How to keep your mind healthy: Fitness regime for mind decoded
These days, more than physical fitness, people are keeping a check on mental fitness too. You might have come across a word called ‘Neuroplasticity’. Yes, that is the word related to cognitive wellness, which means the ability of the brain to rewire itself. Not only the nutrition, but there are also many factors that contribute to this process – diet, exercise routine and sleep schedule.
Now just be with us till the end of this article and you will have answers to all the questions one by one.
The brain diet
This is a diet that consists of fat and water. In this, one needs to consume a lot of water along with healthy fats like oily fish, nuts, seeds and olive oil, particularly those high in long-chain Omega-3 fatty acids, says podcast host Dr Rupy Aujla (@doctors_kitchen), author of Doctor’s Kitchen 3-2-1 (£16.99).
In fact, as a rule of thumb, the darker the food, the better, according to neuroscientist Dr Tara Swart (@drtaraswart), who has written The source (bestselling book in 2019).
Not only you need to drink simple water from a glass, but also have a lot of water-rich food like cucumber, melon and berries.
When to resort to supplements
To be honest, there is no need to supplement your diet but considering today’s lifestyle, it is true that we miss a lot of nutrition. The consumption of Magnesium is very vital as it enhances memory and the quality of sleep. More than eating, it is best to apply it on the skin because absorption is easy and faster.
The rise of “smart drugs”
Nootropics also called “smart drugs,” are becoming very popular, with an explosion of new products promising everything from enhanced memory to a sharper focus and better concentration. But do they work? Anything that has an action on the brain, including caffeine and herbs and roots like ginkgo Biloba, can be classed a nootropic, but Dr Swart warns there’s “no magic drug”. Dr Aujla agrees, adding the most effective way to protect your brain is via “your plate and lifestyle”.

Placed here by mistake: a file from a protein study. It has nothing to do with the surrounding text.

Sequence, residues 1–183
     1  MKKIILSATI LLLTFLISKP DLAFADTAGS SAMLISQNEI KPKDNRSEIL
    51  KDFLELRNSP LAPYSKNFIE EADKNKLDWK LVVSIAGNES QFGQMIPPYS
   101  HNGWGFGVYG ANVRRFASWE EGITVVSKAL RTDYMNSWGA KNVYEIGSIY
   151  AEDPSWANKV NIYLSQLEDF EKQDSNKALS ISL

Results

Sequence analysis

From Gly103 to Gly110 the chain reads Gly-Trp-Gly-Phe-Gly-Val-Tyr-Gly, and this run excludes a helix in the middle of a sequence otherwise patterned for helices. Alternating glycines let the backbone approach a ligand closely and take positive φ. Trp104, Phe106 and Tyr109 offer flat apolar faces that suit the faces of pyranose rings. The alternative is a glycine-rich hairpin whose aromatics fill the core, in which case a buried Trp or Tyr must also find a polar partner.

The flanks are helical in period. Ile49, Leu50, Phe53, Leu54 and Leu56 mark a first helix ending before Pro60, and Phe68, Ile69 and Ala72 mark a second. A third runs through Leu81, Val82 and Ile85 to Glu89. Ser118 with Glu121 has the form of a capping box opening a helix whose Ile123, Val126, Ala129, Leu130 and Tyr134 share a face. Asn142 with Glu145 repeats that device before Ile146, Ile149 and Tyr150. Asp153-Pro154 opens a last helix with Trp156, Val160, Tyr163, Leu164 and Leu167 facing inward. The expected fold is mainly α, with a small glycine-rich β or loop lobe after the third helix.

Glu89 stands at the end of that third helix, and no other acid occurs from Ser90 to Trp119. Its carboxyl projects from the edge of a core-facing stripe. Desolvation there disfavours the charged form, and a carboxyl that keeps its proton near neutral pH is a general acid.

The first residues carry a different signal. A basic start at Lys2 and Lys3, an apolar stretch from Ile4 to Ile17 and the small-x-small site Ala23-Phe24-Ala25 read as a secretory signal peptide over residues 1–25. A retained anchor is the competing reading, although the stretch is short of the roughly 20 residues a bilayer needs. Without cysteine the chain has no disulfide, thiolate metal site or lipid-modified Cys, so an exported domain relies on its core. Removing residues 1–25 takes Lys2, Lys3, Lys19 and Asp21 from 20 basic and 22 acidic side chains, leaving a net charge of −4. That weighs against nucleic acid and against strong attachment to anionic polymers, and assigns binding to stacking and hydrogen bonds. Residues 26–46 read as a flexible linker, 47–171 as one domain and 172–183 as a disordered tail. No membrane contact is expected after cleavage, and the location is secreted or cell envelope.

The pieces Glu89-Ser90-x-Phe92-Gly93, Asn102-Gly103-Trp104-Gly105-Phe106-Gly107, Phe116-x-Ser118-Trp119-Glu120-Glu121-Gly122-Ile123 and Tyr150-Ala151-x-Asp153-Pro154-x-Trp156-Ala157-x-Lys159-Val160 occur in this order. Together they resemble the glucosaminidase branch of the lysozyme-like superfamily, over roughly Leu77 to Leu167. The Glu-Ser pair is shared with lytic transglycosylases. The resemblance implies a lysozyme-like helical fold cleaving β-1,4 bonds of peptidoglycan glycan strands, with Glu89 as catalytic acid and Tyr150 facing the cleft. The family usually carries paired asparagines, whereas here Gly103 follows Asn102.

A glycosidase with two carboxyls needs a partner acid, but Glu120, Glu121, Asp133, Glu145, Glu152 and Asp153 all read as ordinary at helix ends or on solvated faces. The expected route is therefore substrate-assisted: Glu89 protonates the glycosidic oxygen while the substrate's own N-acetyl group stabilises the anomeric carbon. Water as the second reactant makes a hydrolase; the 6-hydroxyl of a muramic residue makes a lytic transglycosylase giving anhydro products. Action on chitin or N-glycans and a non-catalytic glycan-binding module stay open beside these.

While Mackintosh suggests focusing on nutrients like zinc and magnesium in the first instance, Equi formulates its supplements with some natural nootropics for their overall “balancing effect.” “Siberian ginseng is an adaptogenic herb that helps to support our adrenal response and balance hormones, so it may help us cope in times of stress. Another one is ashwagandha which is incredibly calming and will support sleep cycles.”
Stress less, move more
“Stress is the worst thing for your brain, cortisol literally kills off brain cells,” Dr Swart says. Start with aerobic exercise to oxygenate the brain, there is also a benefit to making your life easy when needed, this is known as “choice reduction.”
Finally, get some rest. “During sleep, your brain’s glymphatic system (which removes toxins and waste products as a result of normal cellular processes) gets to work to clear debris that can impact the functioning of your nerve cells,” Dr Aujla says. Aim for at least eight hours and try to stick to regular sleep/wake times for an added benefit.